Wiping the Plate Clean

Our intrepid reviewer calls for the last check and leaves some generous tips

I've been living the glamorous life of a restaurant critic, which is the same thing as the life of Riley, for exactly one year now. Not only have I eaten the free lunches my father always told me there's no such thing as, I've been able to disregard the sensibilities of thousands of readers twice a month (an enviable position, in spite of the occasional food poisoning). My ongoing mission has taken me to restaurants, cookshops and lunch counters of every description all over the city. Accompanied by my excellent posse of intrepid accomplices, I've supped on fabulous delicacies and sipped sumptuous wines. I've experienced poignant encounters with things like alligator, chicken feet, eels, cockles, sea urchins and -- the big kahuna of scary foods -- slingers. I've engendered the enmity of some restaurateurs, whereas others have erected shrines in my honor. I've even learned a thing or two.

Even so, the time has come to hand in my dinner pail. I'm stepping down, calling it quits, throwing in the towel. My editor thinks some of you might be interested in knowing why I've decided to bail out of the world's greatest job. Naturally, hardly any of my reasons are good ones -- a couple are downright bogus -- but here is a cross-section of 'em, in no particular order:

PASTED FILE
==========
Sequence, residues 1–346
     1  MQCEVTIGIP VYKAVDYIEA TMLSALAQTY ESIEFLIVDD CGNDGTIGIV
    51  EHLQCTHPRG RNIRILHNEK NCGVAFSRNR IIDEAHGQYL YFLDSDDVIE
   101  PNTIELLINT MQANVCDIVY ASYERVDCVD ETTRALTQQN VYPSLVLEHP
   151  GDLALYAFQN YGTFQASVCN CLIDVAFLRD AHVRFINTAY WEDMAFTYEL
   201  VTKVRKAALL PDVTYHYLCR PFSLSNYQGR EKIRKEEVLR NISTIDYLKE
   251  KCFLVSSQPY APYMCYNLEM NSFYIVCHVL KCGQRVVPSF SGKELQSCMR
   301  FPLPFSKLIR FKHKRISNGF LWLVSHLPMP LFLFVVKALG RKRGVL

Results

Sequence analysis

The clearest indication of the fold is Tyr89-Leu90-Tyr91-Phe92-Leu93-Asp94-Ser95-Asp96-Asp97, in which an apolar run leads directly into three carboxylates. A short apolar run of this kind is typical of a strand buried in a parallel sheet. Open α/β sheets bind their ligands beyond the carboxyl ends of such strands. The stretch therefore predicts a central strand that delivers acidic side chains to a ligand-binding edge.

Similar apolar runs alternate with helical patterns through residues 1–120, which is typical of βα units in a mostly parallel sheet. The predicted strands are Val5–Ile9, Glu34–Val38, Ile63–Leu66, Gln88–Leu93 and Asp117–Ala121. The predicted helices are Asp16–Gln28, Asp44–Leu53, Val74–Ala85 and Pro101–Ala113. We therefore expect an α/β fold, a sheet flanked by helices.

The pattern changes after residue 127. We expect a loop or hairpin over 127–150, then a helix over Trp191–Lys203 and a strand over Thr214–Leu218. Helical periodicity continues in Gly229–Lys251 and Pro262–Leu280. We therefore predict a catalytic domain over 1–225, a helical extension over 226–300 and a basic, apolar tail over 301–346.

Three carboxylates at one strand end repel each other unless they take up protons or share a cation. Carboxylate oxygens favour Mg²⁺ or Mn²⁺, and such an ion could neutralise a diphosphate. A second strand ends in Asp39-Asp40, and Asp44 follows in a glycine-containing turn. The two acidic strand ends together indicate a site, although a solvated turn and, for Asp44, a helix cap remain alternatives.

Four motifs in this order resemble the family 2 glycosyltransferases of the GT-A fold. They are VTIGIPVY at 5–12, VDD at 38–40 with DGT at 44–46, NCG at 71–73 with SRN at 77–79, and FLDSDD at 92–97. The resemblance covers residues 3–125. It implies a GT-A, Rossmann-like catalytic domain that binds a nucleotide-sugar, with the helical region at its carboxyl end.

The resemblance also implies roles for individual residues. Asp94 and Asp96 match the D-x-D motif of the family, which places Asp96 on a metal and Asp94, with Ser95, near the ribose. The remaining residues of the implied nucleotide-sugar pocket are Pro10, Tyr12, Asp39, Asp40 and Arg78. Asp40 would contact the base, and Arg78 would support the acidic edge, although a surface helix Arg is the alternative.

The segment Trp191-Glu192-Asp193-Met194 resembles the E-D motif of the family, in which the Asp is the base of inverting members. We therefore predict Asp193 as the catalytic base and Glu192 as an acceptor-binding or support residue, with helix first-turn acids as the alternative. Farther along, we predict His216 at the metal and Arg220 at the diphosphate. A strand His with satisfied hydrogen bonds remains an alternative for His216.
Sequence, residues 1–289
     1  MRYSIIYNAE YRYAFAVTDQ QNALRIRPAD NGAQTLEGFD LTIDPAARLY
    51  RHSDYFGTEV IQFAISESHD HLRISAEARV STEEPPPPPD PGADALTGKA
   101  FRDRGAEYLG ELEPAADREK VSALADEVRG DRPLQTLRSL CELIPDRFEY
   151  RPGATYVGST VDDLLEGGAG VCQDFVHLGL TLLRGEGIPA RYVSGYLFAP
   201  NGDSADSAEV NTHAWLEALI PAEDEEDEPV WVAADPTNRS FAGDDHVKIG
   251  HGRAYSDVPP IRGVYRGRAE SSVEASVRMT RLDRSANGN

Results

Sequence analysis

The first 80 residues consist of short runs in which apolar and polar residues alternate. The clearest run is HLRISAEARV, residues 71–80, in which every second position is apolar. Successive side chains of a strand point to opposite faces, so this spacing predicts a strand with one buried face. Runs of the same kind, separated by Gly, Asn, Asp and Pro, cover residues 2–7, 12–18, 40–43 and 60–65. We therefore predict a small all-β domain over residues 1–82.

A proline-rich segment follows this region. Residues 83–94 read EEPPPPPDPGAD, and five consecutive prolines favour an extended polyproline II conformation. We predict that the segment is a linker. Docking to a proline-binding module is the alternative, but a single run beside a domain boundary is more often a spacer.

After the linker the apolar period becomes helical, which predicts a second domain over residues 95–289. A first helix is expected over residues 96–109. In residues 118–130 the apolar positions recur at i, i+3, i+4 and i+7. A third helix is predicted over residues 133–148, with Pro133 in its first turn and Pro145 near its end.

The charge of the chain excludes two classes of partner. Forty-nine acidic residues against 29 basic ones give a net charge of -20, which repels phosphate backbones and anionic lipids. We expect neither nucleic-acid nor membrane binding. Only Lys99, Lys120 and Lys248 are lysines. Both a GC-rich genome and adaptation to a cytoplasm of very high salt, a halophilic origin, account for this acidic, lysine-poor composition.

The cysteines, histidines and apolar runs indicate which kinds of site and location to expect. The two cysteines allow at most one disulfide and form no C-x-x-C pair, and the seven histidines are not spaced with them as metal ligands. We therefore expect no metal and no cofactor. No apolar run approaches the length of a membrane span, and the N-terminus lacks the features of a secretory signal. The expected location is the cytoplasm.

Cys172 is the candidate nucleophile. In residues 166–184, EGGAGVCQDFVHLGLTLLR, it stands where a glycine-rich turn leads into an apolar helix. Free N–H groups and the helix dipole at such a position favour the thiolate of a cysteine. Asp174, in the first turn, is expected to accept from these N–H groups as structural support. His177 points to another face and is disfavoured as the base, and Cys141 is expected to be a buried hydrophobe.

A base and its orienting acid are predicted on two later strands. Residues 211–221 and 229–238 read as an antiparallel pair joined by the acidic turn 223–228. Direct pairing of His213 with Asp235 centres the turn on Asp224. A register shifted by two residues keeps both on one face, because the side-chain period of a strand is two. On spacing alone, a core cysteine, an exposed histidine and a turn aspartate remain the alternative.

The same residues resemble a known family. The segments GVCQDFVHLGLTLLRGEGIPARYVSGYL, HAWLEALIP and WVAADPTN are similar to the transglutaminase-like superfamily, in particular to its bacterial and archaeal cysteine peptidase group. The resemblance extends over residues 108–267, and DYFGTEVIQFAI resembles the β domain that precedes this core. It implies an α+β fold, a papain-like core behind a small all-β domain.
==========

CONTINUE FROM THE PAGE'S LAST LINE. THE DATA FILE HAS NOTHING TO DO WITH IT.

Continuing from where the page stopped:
1. My cover has been blown. Among other security breaches, a photograph of me recently appeared on the cover of a local magazine. My editor says the picture doesn't look like me (I was wearing a fairly goofy wig, and I'm none too photogenic in the first place), but word on the street is that this photograph is already posted in the kitchens of several restaurants. Sadly, you can't be an effective restaurant critic if everybody knows who you are; the whole point is that you surreptitiously slither in, masquerade as a civilian and keep a straight face when the waiter spills clam chowder down your new Betsey Johnson bustier. Former New York Times food writer Ruth Reichl (now editor of Gourmet magazine) is famous for wearing disguises and flinging around credit cards bearing fake names in the line of duty, but I'm too vain to put on a fat suit just to go out for a pizza.